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Lysyl-tRNAs are essential for protein biosynthesis by ribosomal mRNA translation in all organisms. They are synthesized by lysyl-tRNA synthetases (EC 184.108.40.206), a group of enzymes composed of two unrelated families. In bacteria and eukarya, all known lysyl-tRNA synthetases are subclass IIc-type aminoacyl-tRNA synthetases, whereas some archaea have been shown to contain an unrelated class I-type lysyl-tRNA synthetase. Examination of the preliminary genomic sequence of the bacterial pathogen Borrelia burgdorferi, the causative agent of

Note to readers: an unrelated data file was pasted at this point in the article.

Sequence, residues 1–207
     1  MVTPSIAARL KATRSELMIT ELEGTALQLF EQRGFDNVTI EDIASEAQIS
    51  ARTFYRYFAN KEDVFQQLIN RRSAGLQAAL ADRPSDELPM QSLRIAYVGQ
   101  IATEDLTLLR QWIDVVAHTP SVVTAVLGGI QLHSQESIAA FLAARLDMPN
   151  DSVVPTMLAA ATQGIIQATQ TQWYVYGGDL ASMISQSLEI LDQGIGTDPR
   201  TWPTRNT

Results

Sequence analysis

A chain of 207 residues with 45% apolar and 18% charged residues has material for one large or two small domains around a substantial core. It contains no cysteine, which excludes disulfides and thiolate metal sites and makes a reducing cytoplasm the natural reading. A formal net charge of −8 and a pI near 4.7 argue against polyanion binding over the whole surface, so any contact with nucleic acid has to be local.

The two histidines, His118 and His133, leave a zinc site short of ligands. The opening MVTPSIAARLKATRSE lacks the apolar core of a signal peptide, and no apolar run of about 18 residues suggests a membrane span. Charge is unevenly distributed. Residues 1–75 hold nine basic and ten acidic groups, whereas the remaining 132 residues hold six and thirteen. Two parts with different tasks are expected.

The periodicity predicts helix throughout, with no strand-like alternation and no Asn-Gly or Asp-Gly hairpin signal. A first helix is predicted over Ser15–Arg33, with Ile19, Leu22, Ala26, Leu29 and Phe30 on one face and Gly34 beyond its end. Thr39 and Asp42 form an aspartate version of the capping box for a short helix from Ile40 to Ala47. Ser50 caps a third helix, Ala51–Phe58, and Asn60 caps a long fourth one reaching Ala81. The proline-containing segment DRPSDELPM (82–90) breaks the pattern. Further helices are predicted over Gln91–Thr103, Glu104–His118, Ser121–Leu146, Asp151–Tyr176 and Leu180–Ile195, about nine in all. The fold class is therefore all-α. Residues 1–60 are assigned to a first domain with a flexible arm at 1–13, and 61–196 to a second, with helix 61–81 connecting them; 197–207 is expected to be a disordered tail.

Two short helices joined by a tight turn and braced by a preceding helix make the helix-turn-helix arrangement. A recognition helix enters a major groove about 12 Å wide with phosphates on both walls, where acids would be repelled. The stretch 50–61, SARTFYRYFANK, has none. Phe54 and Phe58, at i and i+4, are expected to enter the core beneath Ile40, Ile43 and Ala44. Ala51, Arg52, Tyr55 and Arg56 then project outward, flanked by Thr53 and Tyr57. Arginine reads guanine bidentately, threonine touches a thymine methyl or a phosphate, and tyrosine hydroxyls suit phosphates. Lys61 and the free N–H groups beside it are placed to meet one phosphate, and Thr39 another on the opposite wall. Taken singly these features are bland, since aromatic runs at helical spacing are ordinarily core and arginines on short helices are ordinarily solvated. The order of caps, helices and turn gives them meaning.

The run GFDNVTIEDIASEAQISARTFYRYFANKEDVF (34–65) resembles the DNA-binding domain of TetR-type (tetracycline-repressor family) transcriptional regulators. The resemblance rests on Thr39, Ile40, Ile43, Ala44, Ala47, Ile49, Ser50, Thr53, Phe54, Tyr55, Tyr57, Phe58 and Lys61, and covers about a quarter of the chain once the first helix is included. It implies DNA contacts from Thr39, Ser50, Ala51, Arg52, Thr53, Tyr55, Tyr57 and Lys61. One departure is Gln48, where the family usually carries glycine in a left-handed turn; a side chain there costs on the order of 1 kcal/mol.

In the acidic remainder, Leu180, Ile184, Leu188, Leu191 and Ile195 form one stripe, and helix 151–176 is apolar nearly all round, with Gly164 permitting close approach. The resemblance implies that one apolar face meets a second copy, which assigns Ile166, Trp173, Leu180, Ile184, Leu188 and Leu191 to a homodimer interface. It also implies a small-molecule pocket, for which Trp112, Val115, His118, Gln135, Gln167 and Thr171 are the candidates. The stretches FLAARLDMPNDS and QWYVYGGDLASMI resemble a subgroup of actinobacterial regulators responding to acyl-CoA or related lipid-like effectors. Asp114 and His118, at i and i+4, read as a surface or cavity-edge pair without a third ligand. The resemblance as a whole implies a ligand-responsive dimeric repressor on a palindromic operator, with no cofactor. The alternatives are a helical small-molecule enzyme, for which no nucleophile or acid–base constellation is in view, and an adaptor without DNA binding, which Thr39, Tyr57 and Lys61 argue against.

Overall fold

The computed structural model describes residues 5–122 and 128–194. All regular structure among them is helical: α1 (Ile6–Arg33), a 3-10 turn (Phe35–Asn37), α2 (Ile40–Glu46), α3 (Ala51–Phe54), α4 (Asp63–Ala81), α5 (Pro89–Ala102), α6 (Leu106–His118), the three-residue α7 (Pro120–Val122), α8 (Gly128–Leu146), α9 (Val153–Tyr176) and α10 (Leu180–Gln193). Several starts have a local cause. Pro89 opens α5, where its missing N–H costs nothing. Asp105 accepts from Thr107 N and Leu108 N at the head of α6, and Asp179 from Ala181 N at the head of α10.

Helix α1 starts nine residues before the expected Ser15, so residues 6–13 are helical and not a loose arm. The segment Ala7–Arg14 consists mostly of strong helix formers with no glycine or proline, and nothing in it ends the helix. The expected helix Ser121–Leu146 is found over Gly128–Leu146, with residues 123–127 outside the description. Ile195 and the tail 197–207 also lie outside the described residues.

Lyme disease, indicated the presence of an open reading frame with over 55% similarity at the amino acid level to archaeal class I-type lysyl-tRNA synthetases. In contrast, no coding region with significant similarity to any class II-type lysyl-tRNA synthetase could be detected. Heterologous expression of this open reading frame in Escherichia coli led to the production of a protein with canonical lysyl-tRNA synthetase activity in vitro. Analysis of B. burgdorferi mRNA showed that the lysyl-tRNA synthetase-encoding gene is highly expressed, confirming that B. burgdorferi contains a functional class I-type lysyl-tRNA synthetase. The detection of an archaeal-type lysyl-tRNA synthetase in B. burgdorferi and other pathogenic spirochetes, but not to date elsewhere in bacteria or eukarya, indicates that the gene that encodes this enzyme has a common origin with its orthologue from the archaeal kingdom. This difference between the lysyl-tRNA synthetases of spirochetes and their hosts may be readily exploitable for the development of anti-spirochete therapeutics.